But younger teens like to use social networks for gaming. While developing social games can involve a production budget, its also an awesome way to score a direct hit with tweens and pre-teens. For example, a hospital launching a healthy kids initiative might develop a Facebook game where players get points for throwing healthy food items into an avatar’s mouth, or engage them with a trivia-based game where all the questions relate to nutrition and fitness. Focus on easy playability and a big dose of the fun factor to increase its chance of going viral.
Make it Mobile
Teens prefer their mobile phones to just about any other platform. When their phones are taken away, they actually exhibit signs of distress. If the goal of your social marketing is to drive traffic to your website, this means your website better be mobile optimized.
Mobile apps provide spaces for kids to interact with each other and your brand. Unlike social media platforms like Facebook and Twitter, apps have no competing brands vying for young users’ attention. Event calendars, promotions from partners, games and in-app chat all encourage tweens to check-in and hang out within your app’s platform.
What Generation Z’s mobile addiction also means is Opportunity — if you integrate text message marketing (SMS) to reach kids on their preferred platform of engagement. SMS marketing is ideal for continued engagement, that is, keeping users who are already customers engaged with your brand between purchases. Messaging is key here: Don’t blast kids with sales and deals every time. Hit them up with some fun knowledge or reminders for events.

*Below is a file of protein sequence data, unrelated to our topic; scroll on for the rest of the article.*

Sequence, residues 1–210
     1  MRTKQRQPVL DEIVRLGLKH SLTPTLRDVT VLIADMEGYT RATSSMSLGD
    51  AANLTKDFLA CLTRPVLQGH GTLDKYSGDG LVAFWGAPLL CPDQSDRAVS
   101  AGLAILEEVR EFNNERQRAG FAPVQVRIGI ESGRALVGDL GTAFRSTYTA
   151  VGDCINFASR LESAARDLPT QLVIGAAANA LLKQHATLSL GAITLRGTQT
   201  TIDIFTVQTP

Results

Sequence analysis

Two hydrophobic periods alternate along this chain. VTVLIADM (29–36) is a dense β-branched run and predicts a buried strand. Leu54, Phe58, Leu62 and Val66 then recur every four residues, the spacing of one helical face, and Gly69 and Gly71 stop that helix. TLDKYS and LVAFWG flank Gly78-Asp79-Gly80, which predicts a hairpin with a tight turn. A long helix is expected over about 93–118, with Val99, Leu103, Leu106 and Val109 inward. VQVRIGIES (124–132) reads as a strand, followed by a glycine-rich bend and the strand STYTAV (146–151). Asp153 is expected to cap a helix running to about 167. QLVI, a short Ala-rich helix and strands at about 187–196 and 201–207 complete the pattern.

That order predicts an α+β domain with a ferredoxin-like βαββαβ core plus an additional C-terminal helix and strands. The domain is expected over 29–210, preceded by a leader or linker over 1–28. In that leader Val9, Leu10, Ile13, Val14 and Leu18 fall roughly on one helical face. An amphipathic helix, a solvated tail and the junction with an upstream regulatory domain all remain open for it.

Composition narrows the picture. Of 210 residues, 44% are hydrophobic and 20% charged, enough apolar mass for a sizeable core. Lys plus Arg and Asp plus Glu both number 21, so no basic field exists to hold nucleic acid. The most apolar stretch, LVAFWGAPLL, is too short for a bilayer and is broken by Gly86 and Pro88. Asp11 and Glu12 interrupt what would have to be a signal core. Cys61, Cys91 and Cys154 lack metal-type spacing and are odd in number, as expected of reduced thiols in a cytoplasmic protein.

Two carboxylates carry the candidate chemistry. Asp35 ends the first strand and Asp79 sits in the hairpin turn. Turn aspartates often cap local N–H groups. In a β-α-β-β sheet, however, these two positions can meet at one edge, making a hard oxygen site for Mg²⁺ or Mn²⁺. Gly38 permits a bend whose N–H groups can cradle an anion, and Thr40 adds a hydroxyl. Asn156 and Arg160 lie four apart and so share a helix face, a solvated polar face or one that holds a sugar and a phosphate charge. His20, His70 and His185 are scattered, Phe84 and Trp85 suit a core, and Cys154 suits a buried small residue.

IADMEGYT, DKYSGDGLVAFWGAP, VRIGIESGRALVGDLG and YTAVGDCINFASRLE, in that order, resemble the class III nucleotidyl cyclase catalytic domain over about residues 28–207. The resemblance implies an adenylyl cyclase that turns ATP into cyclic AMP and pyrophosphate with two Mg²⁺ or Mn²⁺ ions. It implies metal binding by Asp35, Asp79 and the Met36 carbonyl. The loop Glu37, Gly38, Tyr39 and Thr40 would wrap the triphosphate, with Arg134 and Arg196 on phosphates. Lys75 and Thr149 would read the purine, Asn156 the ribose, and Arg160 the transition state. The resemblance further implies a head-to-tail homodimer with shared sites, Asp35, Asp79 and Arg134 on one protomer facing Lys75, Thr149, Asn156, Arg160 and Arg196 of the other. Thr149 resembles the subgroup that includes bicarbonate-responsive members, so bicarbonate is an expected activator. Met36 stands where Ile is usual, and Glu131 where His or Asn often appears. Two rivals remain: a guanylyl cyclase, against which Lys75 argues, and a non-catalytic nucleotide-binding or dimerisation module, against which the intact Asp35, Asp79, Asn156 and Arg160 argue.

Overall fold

Time of Day Matters
Remember the typical school day when you were in junior high and high school? It started well before 8 a.m., and ended long after 5 p.m. If you’re only sharing content with your teen audience during workday hours, you’re missing out on prime engagement time. Schedule your updates, tweets or text messages to go live when kids are getting ready for school or in-transit, and then again later in the evening when teens are home and enjoying free-time. Weekends are also a great time to reach kids. Parents, too.
You can easily determine when your audience is most receptive to social marketing by checking their activity. When are they commenting, sharing, and liking your content? Create a timeline of their activity, and share during the high points.
Be Honest, Do Good